I wanted to love this, I really did, but unfortunately I did not.

I followed the provided directions: 180 degrees F, 60 seconds, 1 tsp to 3oz
This was a rich dark green, and smelled sweet and vegetal, a good sign. Unfortunatly it didn’t taste how it smelled. Theres a strong sharp bitterness to this tea. I can detect a slight vegetal note in the background, but the bitterness masked it. I don’t know if all the little bits at the bottom continued to steep while it cooled, or what, so until I try it again I’ll put off giving it a rating. As is though, it would be about 25.

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182 tasting notes

ok maybe it is my taste buds, but is this the second over-umami’d green tea from Den’s in a row for me? i like it, but i don’t believe i could drink this all day. i’ll try a second steeping out of curiosity, i’m sure, but this is just too…TOO. there’s something sharper, more ribbed and less squishy about my favorite Sencha Fuka-Midori, i’m not really sure what causes it or how to describe it. but this tea makes me miss it.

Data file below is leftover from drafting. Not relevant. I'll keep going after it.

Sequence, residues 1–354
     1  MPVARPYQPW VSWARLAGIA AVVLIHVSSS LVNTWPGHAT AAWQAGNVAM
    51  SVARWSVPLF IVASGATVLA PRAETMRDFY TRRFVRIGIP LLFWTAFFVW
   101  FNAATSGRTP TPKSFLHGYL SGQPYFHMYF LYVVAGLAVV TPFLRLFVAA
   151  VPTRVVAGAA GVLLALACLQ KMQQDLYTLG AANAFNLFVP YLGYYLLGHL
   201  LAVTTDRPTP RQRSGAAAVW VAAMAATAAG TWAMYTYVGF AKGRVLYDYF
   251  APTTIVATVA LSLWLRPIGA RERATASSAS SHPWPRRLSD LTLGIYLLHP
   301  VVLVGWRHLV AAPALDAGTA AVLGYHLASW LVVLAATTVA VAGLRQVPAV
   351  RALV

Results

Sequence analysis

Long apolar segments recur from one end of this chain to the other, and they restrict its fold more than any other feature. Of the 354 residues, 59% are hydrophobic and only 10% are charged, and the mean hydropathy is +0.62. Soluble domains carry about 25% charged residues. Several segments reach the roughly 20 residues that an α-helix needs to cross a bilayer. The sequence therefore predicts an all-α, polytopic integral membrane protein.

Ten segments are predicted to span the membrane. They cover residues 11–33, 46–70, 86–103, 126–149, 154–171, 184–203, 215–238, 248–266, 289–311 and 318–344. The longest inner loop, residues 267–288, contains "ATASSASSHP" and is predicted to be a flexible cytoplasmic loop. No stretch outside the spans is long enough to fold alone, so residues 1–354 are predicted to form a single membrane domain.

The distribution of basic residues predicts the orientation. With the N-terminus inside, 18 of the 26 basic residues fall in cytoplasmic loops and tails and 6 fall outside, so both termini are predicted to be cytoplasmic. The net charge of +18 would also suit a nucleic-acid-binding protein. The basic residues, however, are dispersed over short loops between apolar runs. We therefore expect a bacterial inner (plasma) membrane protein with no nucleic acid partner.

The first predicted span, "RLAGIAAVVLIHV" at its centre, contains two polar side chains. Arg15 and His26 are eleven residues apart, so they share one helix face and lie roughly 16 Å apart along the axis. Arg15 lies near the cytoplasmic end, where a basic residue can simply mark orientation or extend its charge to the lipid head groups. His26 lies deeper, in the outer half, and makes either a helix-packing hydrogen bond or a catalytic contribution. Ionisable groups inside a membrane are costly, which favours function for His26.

perhaps i’m not classy enough or something, but the pricier, more exclusive teas seem to NOT be my favorites. this one gets a solid C from me.

180 °F / 82 °C 1 min, 0 sec 2 tsp 6 OZ / 177 ML

oh wait, i just realized. higher temps cause these teas to taste less like the ideal, right? perhaps 2nd steeping will be boilt. off to go try.


Gyokuros like very low temps and longer steeps. I would try it at 140 for two minutes and see how that works.


good thing i’m a procrastinator, as i didn’t yet go boil those leaves. trying your advice right now! (the above was the Den’s recommended treatment, btw.) (dangit, i really need a tea thermometer. i’m going to have to go with “feels about 20 deg cooler than last time” LOL!)


Good luck!


OH i liked that! the seaweed was under control, and the vegetable-y was improved! liked so much i’m going to try again with fresh tea and your parameters!
Thanks, Morgana! U rock!


Great! So glad it turned out.